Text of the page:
Add More to Church: Ephesians 6.10–20

2017.8.6 dispensaryDelivered at Ames UCC
on August 6, 2017

©The Rev. Eileen Gebbie

Sermons are written to be
heard rather than read.
Please join us Sundays
at 10:30 a.m. All are welcome.

GET RID OF IT
Let’s get rid of all of this. Let’s get rid of the pews and the hymnals and the organ and the windows and the bricks. Let’s get rid of our logo and our slogan and any future inside jokes about being Congregational versus being Evangelical and Reform. Let’s just get rid of all of this because Jesus didn’t risk everything just so that we can get all attached to and bent out of shape about our personal preferences and historic traditions.

I am, of course, paraphrasing the opening of Paul’s letter to the Ephesians. Or, as those of you were here for the first two weeks of this letter will remember, Pseudo-Paul’s not-letter to the not-Ephesians.

Once we are on the Way of Jesus, he teaches (whoever he was), we are a new people unbound by suspicion or hate, living beyond society’s walls and delineations.

Except that we are not, of course. Except that over time, since the time of the Pauls, the Christian church became one of the most conservative, entrenched, boundary-setting institutions in human existence. Which has backfired, of course. Which has been our downfall. The numbers of Americans who identify as Christian continues to decline.

These days, adults who grew up in homes without a religious affiliation of any kind are more likely to stay religiously unaffiliated than those who grew up in a religious home. Meaning, being a-religious is more meaningful over time than being religious, for younger Americans.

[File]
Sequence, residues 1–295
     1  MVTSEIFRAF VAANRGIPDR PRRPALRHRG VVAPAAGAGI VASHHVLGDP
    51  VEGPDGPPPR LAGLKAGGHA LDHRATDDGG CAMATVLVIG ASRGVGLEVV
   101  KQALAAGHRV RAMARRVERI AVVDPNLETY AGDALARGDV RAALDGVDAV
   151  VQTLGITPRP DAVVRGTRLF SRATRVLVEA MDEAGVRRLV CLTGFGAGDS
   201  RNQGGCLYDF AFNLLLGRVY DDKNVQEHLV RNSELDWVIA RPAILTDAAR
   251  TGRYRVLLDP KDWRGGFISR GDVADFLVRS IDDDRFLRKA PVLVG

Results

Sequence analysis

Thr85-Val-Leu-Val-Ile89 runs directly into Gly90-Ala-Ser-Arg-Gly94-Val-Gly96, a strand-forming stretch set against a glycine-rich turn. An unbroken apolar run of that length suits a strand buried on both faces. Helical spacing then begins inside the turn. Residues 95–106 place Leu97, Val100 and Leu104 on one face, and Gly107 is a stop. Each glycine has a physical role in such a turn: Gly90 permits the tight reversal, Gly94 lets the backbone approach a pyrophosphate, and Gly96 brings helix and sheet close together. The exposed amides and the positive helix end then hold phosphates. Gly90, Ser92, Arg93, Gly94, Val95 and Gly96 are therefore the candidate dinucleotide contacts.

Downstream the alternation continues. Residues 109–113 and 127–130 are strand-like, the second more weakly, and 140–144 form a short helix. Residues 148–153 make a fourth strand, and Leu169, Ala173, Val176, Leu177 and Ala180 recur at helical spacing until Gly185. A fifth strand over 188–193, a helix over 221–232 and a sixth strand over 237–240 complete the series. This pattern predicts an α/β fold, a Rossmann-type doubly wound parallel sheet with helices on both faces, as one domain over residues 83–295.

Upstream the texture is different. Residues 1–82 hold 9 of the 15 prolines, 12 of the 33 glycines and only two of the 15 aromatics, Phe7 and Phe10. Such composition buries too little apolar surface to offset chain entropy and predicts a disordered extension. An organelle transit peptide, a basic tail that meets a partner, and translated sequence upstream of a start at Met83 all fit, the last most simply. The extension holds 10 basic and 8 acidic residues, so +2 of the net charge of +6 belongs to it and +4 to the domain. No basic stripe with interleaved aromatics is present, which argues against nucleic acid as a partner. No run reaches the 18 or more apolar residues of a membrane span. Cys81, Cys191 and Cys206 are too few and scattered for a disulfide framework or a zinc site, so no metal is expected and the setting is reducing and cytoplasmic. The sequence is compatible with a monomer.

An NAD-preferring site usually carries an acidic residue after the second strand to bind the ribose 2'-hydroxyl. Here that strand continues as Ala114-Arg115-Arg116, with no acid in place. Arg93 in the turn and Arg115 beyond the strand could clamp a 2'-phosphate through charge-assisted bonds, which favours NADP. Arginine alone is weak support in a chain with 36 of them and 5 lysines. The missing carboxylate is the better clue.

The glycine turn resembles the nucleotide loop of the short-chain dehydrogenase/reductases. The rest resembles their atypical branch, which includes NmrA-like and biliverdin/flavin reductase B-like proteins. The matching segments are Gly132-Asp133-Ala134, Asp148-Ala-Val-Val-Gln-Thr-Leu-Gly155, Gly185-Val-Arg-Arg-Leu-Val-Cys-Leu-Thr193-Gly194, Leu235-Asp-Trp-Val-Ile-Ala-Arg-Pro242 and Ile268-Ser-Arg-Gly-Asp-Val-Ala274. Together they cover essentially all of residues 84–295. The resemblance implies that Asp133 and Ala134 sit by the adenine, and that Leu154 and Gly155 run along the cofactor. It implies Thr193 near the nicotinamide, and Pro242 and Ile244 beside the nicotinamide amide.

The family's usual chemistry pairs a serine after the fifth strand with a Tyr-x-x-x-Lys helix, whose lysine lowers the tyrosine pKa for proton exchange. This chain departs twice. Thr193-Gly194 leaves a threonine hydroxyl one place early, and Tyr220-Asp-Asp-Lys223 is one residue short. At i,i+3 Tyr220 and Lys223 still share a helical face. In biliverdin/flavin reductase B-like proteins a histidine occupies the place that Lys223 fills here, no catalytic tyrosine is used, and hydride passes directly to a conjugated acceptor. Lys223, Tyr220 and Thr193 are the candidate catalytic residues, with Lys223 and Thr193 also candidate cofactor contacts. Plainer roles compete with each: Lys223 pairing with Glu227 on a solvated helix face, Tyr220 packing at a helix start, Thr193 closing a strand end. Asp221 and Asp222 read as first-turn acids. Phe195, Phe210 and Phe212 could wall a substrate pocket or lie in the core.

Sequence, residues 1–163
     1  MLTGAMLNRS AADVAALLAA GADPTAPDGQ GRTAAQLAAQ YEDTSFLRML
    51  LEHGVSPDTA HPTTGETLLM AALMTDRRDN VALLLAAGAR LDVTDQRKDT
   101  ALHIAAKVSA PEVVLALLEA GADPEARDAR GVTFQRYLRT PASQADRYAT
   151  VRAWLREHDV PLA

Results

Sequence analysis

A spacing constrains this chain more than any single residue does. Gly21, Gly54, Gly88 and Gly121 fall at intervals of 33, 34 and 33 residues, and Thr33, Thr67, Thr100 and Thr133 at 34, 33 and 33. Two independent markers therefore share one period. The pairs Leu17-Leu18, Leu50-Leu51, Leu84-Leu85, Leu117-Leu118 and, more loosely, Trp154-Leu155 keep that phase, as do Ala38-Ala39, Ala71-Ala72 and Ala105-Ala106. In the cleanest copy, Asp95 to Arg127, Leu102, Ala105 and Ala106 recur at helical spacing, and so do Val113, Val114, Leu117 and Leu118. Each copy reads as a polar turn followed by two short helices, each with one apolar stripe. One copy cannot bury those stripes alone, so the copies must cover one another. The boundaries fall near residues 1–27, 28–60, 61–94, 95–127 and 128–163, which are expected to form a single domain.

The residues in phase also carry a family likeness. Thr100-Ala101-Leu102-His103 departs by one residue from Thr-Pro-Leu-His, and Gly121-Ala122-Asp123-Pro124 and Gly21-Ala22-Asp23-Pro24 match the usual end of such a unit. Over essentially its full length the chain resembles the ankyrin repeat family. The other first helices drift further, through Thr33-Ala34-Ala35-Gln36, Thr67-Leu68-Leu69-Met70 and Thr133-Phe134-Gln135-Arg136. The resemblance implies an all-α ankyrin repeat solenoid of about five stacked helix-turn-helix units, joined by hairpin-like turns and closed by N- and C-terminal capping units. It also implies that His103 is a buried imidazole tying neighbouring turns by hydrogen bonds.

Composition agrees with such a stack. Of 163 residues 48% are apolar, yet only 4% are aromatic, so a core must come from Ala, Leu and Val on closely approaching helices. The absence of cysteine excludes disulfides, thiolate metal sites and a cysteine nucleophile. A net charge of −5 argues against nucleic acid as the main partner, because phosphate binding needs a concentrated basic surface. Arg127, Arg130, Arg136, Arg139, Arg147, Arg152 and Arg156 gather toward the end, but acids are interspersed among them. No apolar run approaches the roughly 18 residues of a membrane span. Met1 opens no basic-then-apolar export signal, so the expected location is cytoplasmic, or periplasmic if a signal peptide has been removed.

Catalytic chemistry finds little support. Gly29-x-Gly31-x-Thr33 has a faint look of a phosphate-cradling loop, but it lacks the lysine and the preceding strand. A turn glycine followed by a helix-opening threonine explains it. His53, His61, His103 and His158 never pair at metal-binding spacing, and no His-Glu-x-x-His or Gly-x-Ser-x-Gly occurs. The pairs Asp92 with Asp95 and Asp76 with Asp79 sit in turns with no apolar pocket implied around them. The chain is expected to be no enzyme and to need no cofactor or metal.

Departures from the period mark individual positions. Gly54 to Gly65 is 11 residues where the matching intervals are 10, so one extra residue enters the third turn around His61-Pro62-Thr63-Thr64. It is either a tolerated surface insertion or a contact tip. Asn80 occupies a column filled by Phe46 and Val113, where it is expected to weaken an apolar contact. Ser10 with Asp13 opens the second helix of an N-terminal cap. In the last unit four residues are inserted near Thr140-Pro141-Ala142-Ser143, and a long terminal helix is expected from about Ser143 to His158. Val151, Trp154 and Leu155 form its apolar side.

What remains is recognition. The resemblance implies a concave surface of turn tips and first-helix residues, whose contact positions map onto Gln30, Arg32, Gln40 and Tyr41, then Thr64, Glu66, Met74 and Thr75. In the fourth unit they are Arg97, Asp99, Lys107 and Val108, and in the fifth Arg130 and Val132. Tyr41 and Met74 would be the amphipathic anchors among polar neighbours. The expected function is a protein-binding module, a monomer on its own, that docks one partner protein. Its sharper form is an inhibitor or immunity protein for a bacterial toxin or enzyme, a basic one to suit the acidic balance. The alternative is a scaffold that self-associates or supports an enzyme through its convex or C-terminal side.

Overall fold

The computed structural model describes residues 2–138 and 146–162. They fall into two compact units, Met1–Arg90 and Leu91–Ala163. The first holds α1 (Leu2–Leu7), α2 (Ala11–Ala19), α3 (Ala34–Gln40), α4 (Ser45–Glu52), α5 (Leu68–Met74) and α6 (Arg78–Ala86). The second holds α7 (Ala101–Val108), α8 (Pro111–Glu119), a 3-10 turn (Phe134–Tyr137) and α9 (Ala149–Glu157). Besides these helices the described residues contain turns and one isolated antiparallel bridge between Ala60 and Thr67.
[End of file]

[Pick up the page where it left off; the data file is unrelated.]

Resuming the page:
In my most pessimistic moments, I say, “Who cares?” God is not religion. The church is not God. And if the church has failed to make this Way of engaging with God compelling, if the church has failed to be faithful to the God it claims to worship and serve, then so be it. We reap what we sow.

God will God onward, with or without me or you or the New Century Hymnal.

HOLY COMMUNION AND THE ARMOR OF GOD
But last week, for about an hour, we did manage to be faithful to pseudo-Paul’s vision of the church, maybe even to God. Members of our church, First Christian, and First Baptist came together at Brookside Park. We got outside of our individual sanctuaries, these tyrannies of preference and tradition, to gather at Christ’s open table, in prayer, in song, and in body. There were 167 of us, a new record.

Afterward, I was visiting with a member of our community, one of those younger adults raised without religion from all the studies. (I did get permission to tell this story.) This woman, who is bucking the statistical trend, asks me what Communion is. She’d just taken part in it for the first time.
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Year ‘Round Faith: Ephesians 2.11–22

2017.7.23 no hostilityDelivered at First Christian Church
on July 23, 2017

©The Rev. Eileen Gebbie

Sermons are written to be heard rather than read. During July we worship at 9:30 a.m. at either Ames UCC, First Christian, or Brookside Park. Please see the website for details so that you may join us.

DIVISIONS